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KEEPING YOUR FOOD SAFE WHEN EATING OUTDOORS20104118436
KEEPING YOUR FOOD SAFE WHEN EATING OUTDOORS20104118436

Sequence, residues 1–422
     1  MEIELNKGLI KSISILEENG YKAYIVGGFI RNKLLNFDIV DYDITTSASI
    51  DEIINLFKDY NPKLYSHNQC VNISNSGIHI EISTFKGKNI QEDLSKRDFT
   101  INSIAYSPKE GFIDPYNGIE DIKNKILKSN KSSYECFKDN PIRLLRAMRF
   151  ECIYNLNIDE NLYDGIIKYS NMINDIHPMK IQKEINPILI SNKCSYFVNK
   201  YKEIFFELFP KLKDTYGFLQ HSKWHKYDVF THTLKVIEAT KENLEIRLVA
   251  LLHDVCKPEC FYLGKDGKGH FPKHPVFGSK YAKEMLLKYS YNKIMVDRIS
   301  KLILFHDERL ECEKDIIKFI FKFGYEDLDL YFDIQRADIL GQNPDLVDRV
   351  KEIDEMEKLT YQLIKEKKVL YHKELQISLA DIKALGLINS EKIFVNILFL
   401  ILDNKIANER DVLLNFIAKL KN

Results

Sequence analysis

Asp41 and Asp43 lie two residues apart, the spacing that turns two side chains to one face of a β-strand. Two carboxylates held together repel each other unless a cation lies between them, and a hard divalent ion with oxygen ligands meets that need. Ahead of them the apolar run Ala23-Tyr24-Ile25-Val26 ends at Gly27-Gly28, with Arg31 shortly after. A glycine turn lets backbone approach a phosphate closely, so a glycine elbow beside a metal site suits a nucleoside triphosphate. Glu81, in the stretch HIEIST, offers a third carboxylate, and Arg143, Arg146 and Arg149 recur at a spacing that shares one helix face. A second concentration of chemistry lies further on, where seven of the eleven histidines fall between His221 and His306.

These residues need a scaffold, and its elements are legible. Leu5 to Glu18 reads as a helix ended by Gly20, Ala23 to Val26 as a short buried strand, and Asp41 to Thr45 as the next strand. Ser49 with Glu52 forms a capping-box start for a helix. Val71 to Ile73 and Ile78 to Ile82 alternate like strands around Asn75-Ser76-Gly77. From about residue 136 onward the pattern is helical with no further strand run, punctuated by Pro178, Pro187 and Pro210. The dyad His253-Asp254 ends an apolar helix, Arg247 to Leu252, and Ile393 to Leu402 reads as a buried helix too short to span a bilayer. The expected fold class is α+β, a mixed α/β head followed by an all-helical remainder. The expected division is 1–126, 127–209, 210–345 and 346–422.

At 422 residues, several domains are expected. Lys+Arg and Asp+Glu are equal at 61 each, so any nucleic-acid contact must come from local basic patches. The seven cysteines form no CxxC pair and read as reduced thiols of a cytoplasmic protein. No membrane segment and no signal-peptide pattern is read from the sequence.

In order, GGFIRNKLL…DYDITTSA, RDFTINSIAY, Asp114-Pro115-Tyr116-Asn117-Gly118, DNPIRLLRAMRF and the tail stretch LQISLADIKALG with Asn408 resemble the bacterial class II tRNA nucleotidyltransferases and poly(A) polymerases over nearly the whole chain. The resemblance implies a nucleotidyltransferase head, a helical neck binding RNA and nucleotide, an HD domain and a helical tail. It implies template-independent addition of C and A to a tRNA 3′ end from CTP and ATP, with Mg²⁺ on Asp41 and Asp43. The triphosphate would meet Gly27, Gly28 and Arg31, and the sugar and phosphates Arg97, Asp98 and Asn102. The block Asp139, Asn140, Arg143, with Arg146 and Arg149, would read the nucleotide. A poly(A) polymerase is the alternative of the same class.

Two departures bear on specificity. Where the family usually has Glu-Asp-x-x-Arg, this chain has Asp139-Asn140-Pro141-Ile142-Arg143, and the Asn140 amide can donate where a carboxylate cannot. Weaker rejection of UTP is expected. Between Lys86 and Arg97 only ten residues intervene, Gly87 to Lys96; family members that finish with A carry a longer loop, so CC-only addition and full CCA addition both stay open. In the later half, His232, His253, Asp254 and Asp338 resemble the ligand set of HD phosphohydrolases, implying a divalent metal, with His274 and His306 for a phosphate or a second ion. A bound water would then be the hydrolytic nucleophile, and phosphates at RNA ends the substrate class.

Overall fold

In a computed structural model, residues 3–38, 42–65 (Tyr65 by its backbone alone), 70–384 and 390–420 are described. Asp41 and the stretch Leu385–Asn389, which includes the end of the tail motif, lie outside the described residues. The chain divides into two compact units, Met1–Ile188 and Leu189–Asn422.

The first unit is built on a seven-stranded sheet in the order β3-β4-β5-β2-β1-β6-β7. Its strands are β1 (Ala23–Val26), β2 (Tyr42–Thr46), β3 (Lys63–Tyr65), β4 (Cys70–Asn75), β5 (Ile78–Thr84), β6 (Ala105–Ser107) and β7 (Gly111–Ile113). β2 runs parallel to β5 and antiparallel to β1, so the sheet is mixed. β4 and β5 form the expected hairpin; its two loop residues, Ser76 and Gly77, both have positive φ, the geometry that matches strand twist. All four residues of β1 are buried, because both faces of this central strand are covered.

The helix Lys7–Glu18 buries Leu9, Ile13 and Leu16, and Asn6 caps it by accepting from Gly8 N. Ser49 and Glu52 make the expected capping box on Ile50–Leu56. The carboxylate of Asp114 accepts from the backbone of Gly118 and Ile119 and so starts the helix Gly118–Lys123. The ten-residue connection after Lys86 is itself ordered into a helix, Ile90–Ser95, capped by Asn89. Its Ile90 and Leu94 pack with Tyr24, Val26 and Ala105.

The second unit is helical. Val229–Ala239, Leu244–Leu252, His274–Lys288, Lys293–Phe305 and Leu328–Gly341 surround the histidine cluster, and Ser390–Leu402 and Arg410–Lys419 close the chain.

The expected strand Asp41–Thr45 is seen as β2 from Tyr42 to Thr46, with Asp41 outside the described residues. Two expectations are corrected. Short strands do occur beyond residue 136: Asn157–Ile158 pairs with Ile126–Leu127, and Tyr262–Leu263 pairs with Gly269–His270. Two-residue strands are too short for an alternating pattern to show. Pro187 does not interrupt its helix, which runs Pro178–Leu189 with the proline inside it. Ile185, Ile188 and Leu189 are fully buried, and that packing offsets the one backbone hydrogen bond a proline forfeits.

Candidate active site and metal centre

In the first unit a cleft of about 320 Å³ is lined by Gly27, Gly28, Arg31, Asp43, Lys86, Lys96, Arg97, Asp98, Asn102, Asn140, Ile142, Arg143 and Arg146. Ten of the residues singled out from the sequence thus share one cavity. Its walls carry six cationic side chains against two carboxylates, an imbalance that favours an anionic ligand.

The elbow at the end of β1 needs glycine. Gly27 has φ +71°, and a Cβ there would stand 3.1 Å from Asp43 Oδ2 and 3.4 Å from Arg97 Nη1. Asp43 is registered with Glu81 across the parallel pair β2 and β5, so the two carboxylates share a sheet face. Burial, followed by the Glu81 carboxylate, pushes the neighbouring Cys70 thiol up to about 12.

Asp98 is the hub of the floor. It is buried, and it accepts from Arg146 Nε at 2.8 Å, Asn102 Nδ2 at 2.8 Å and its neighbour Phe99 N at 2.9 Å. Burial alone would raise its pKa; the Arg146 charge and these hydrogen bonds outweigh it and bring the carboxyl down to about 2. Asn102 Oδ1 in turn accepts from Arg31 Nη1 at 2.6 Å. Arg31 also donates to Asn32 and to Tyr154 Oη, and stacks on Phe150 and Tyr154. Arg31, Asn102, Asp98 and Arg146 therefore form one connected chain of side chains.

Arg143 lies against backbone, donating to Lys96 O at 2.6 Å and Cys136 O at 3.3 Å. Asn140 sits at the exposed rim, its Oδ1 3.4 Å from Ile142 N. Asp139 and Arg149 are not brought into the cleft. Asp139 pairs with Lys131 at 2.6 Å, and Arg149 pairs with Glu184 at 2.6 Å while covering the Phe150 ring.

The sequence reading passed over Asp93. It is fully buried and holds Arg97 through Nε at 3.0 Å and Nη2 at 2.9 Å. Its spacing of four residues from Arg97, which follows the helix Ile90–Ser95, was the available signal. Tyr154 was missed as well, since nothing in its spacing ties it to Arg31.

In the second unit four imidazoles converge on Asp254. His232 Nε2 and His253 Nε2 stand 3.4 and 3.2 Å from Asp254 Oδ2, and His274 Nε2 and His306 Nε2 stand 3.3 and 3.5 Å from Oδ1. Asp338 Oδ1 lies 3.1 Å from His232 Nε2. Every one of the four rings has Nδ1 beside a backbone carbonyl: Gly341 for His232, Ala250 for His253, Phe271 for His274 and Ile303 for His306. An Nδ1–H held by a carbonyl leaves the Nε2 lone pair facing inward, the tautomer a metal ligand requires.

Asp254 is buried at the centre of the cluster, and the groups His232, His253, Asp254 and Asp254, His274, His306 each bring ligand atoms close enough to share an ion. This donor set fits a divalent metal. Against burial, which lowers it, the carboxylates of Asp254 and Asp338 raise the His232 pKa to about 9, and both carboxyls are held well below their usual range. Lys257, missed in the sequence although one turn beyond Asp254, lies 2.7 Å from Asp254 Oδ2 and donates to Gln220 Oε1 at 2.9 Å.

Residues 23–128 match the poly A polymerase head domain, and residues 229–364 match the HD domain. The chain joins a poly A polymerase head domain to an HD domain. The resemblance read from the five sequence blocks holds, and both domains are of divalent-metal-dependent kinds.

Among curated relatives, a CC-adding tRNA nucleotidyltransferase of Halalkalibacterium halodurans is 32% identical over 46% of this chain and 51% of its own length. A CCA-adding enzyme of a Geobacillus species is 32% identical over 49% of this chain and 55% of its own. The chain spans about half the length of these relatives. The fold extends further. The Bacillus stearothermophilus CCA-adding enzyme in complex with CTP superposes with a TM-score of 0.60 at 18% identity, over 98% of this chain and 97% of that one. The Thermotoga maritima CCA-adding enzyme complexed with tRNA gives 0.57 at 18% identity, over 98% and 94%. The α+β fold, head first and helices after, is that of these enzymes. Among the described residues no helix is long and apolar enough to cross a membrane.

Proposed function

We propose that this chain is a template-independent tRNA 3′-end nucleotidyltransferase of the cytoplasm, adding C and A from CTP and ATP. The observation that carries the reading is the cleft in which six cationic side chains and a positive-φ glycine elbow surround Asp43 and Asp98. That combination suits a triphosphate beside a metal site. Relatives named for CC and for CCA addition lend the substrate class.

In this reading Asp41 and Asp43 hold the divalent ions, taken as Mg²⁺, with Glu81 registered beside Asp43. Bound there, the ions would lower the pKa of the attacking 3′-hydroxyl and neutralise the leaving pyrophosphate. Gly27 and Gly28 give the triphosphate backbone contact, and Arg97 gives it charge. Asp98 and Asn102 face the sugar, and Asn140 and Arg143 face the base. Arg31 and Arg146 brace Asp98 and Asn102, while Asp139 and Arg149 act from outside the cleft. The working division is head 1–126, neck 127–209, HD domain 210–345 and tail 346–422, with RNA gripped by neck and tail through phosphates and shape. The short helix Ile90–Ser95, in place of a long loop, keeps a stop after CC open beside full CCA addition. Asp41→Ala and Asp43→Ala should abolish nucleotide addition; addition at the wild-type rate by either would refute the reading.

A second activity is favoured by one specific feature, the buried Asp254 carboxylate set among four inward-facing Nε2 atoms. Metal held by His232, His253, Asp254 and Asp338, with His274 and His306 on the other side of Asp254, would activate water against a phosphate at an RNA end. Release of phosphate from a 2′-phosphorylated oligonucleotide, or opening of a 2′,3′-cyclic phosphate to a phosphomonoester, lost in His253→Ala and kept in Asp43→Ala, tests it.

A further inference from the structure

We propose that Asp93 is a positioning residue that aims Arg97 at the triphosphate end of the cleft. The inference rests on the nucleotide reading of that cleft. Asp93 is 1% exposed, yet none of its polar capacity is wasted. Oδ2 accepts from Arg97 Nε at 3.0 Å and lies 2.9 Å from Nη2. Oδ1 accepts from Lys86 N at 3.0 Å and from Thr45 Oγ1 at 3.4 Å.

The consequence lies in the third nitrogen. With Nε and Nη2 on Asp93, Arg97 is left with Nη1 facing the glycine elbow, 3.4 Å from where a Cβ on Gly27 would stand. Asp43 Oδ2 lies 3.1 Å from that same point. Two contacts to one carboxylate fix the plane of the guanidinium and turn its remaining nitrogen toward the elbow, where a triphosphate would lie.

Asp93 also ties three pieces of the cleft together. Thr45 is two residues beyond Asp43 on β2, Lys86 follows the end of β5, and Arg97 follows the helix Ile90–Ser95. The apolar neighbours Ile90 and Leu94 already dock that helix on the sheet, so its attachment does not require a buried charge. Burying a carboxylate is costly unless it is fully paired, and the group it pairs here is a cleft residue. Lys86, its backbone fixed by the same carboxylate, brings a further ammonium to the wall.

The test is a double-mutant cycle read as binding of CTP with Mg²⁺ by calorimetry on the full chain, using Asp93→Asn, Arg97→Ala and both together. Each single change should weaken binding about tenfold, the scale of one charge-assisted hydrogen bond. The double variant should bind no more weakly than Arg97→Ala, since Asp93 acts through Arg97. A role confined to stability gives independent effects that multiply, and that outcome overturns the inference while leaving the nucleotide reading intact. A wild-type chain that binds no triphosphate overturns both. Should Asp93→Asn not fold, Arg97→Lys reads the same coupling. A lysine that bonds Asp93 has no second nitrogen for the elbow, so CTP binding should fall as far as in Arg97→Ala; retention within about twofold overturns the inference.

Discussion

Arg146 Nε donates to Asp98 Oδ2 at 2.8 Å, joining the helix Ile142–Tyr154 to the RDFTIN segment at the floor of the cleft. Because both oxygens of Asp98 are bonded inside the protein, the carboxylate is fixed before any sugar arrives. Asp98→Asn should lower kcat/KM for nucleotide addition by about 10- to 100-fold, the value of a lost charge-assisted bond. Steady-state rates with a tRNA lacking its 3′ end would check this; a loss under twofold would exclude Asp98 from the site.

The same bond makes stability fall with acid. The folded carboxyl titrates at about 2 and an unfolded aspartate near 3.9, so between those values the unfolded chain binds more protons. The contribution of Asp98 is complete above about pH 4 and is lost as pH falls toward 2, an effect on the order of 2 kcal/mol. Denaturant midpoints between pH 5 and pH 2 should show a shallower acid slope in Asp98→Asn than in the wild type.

Breese Parade Fact FORSTER NSW 2428 Sheet PO Box 450 FORSTER NSW 2428 E-FS Phone 02 6591 7222 017 Fax 02 6591 7200 Email firstname.lastname@example.org KEEPING YOUR FOOD SAFE WHEN EATING OUTDOORS In Australia we enjoy our outdoor lifestyle. Eating in the outdoors is a great way to make the best of our lovely climate. Whether it's a barbecue, picnic or camping trip, the food seems to taste better when you eat it outdoors. But there can also be some risks - and no, they' re not just mosquitoes or ants. Food poisoning can also be a real risk when eating outdoors, especially in the warmer months. You need to take a little more care when preparing and storing foods for outdoor eating. Why is eating outdoors any different? Whether you go on a picnic, BBQ or camping trip, there are some things that can increase the risk of food poisoning. • Your food will be taken out of its regular environment, which is in the fridge, freezer or pantry for longer periods of time than usual. • You will rely on a cooler (such as an Esky) to keep your food cold. It's hard to get a cooler as reliably and evenly cold as a fridge. The risk that food will remain in the temperature danger zone for long times and that bacteria will begin to multiply can rise. • Many foods for outdoor eating such as salads, rice dishes, quiche and cold cooked chicken, are pre-prepared. These foods need to be protected from cross contamination and stored as close to 5 degrees as possible because they will be consumed without reheating. • Often hand washing facilities are inadequate with no hot water or soap available. • Safe drinking water may not be available. • Usually picnic tables and BBQ preparation areas are small and not too clean. These factors increase the risk of contamination and cross-contamination during food preparation Avoid direct food contact with the surface, use a clean plate or tray. • People are in a hurry to eat so there may be a temptation to not cook sausages, hamburger or chicken right through. Those are the problems - the solution is to take extra care of your food in the outdoors - here's how. Barbeques at home • Keep meat in the fridge until you are ready to put it on the BBQ. • Keep all ready to eat food covered until you are ready to eat it. This will protect it from contamination by flies, etc. • Always cook chicken, stuffed meats, sausages and minced meat such as hamburger so that the juices run clear - there should be no hint of pink in the centre. Steaks, chops and whole pieces of meat can be cooked to preference. • Use a clean plate and clean utensils for cooked meat. Never re-use the same ones you used for the raw meat without washing them. • Keep salads, pates, spreads, dips and other perishable products in the fridge until needed. It may seem like a great idea to leave food out so that guests can nibble throughout the whole day, but unfortunately bacteria will also have a feast. It's better to divide these higher risk perishable foods into small amounts and replenish with fresh portions as required. Don' t mix fresh top-ups with ones that have been outside for some time. Low risk foods, eg. nuts, crisps, crackers, etc. can be topped up. • Put leftover cooked meats and other perishables into the fridge immediately that part of the meal is finished. Picnics and barbeques away from home Remember the simple rule for food safety, keep hot foods hot and cold foods cold. This is even more difficult when preparing food for a picnic or outing. • Put meat into a cooler when travelling. Meat juices can easily leak onto pre-prepared foods, so package with this in mind. Just in case, place the meat on the bottom of the cooler away from ready-to-eat food. • Cut meat into serving-size pieces before leaving home and have all salads ready to eat. This will reduce the need to handle foods, particularly when there are no hand-washing facilities. • Don' t pack food for a picnic if it has just been cooked and is still warm. Coolers cannot cool food enough to prevent bacteria growing. Always cover pre-prepared foods securely and keep in the refrigerator overnight. Other perishable foods and drinks, such as deli products, cooked chicken and dairy products must also be cold when put in the cooler. • Always pack plenty of ice blocks, frozen bricks or gel packs around the food. Frozen drinks thaw quickly in warm weather and serve as extra cool bricks. If staying at a caravan park, ask if you can refreeze some of your bricks overnight or replenish the ice. • Wicker baskets, unless they are insulated, are best used for non-perishables and your other picnic needs. • Avoid keeping perishables such as salads, quiches and cold meats out of the fridge for longer than four hours. If you expect to return leftovers to the fridge they should be left out for as short as time as possible. • It's OK to leave cooked meat to remain warm on a corner of the BBQ or covered on a plate for late arrivals. Just ensure it is protected from flies and, as with cold perishables, avoid leaving it around for more than four hours, (or two hours if there are leftovers to be put into the fridge). • Carry disposable wipes in case there is no water for hand washing. Tips for camping • Perishable foods are unsuitable for camping unless you have access to a refrigerator. It is best to use dry, UHT and canned products. Pack all these products in leak-proof containers. • When you have chosen your site, get your cooler out of the car into the shade as soon as possible. You will need to keep moving it as the sun moves. • Never save leftovers. Cook only enough for your meal and discard the rest. • Raw and cooked meats and precooked casseroles can be frozen and kept in a cooler for 24 hours provided they are cooked or reheated properly. • Keep eating and drinking utensils clean. Use clean warm water, and detergent, dry thoroughly using a clean tea-towel and store in a covered box. If warm water is not available, use clean boiled or disinfected water. • Keep utensils used for preparing raw foods away from ready-to-eat foods. Wash in between - remember to wash your hands too. • Unless you are sure the water at the campsite has been treated, always boil your drinking water or use disinfecting tablets. No matter how pristine and isolated your camping site looks, there is a risk of bacteria and parasites in the water. • Washing hands after going to the toilet is just as important when you are camping as it is when you are at home. Use disposable wipes if necessary. • Keep the campsite as clean as possible. Birds and animals can be a source of food poisoning bacteria so don' t leave food and utensils lying about.